This course includes:
Badge on Completion
Certificate of completion
In this course, Art and the Mexican Revolution, you will explore one of Diego Rivera’s key murals which were commissioned by the Mexican government in the period after the Mexican Revolution of 1910-1920. These monumental public artworks, designed to win over the Mexican peasantry and working-class to the new post-revolutionary state, brought Mexican mural artists international acclaim and Rivera was subsequently awarded important commissions in the United States. Yet, due to his commitment to a figurative form of propaganda, Rivera’s reputation suffered during the Cold War period and these Mexican murals are now largely left out of dominant accounts of twentieth-century United States art.
IntroductionIn this course, Art and the Mexican Revolution, you will explore the significance of certain murals by the artist Diego Rivera. While Rivera is now often known (if he is known at all) as the husband of Frida Kahlo, he was, in fact, one of the three major Mexican muralists (alongside José Clemente Orozco and David Alfaro Siqueiros). Together, these artists were collectively referred to as Los tres grandes (the big three) and in the period after the Mexican Revolution of 1910−20, they were commissioned to produce monumental murals in Mexico City.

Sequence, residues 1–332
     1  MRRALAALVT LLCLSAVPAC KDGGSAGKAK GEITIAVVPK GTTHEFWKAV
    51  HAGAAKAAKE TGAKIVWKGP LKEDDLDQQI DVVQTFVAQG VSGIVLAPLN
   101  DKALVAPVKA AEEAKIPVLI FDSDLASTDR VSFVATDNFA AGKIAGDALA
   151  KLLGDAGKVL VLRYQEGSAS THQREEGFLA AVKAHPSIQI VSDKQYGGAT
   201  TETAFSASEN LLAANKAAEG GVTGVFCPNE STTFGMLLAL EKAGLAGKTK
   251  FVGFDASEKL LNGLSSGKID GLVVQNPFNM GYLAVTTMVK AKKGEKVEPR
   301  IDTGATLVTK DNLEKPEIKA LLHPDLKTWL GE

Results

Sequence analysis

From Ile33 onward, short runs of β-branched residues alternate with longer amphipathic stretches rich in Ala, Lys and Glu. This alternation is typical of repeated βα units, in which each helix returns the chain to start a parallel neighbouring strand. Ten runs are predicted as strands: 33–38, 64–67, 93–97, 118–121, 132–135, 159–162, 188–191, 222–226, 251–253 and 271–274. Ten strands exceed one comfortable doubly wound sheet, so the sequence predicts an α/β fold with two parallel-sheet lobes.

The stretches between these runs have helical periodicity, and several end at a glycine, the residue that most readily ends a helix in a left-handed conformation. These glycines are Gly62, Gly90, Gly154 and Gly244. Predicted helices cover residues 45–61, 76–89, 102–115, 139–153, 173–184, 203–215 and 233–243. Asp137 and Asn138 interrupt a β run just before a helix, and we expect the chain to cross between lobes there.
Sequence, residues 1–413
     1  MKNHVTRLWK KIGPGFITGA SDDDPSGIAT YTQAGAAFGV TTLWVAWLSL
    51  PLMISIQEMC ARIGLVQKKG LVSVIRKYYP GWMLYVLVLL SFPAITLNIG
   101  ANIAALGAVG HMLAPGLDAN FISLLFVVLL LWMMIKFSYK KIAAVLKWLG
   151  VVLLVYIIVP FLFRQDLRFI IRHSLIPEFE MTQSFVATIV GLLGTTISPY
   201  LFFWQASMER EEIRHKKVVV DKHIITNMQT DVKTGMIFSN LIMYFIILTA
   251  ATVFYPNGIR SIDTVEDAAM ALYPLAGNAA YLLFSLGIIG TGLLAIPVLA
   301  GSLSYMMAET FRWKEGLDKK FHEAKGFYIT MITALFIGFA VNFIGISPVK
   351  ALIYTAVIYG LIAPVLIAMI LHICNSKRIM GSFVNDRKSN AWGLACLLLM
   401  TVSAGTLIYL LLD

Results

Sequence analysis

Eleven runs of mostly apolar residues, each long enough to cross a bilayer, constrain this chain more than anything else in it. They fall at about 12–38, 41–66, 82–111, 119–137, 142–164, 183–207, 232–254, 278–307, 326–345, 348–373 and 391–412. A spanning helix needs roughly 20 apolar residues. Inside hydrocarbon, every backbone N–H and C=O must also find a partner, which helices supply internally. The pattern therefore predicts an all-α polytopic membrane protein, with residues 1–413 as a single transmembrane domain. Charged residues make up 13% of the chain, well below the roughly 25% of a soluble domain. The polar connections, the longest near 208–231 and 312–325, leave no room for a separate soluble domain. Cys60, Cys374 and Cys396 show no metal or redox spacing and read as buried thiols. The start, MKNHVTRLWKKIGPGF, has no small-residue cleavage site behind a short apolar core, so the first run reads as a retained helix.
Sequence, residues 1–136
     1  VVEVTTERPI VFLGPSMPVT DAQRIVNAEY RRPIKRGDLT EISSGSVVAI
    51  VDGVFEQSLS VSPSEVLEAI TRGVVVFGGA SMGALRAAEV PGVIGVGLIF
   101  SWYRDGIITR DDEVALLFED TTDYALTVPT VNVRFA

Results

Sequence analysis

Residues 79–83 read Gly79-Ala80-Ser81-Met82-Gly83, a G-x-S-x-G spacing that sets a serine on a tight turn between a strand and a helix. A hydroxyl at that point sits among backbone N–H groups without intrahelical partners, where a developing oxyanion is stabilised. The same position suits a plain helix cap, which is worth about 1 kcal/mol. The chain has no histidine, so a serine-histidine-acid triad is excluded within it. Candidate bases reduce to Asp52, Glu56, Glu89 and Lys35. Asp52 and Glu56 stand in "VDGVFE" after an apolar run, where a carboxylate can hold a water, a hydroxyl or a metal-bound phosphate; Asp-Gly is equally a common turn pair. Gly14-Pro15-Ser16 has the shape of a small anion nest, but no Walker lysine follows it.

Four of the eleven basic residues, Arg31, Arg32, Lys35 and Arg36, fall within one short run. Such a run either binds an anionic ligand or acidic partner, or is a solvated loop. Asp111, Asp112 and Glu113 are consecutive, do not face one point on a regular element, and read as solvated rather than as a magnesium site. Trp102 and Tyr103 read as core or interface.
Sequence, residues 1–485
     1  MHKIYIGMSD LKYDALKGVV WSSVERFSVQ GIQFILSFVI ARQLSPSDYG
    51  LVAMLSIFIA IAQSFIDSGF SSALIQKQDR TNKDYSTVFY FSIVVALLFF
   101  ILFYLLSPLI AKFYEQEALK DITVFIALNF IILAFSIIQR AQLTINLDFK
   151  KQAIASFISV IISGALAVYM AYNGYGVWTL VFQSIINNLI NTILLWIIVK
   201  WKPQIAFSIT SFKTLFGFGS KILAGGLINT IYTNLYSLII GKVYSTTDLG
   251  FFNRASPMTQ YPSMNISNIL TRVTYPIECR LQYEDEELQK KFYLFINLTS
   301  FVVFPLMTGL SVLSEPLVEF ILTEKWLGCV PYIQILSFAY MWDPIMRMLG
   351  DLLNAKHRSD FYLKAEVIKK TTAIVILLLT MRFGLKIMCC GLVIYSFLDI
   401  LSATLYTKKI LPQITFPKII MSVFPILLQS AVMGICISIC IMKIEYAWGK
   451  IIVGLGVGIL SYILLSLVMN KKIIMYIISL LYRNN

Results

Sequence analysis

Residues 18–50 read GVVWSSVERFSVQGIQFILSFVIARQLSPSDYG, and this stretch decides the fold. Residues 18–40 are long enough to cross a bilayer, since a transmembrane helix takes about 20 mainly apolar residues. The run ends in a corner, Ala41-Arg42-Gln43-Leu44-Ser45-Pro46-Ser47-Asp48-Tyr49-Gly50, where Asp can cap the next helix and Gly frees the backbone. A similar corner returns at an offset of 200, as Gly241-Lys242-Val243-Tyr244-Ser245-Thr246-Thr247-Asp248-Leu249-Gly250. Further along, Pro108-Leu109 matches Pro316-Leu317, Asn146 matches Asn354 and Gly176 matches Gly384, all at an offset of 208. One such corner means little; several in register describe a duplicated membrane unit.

Learning outcomesAfter studying this course, you should be able to:
- Situate a key example of Mexican muralism within the post-revolutionary context in which it was made
- Explore recent debates around the interpretation of Mexican muralism
- Examine the concepts of ‘realism’ and ‘modernism’ in relation to Mexican muralism
- Address the relevance of social and cultural contexts for interpreting works of art
- Analyse works of art in terms of different ideas and approaches.
- The Mexican Revolution 00:30:00
- History of Mexico 00:30:00
- The mural described 00:30:00
- Muralism And Modernism 00:30:00
- Detroit Industry 00:30:00
- Fridamania 01:30:00
- Conclusion 00:30:00
About the instructor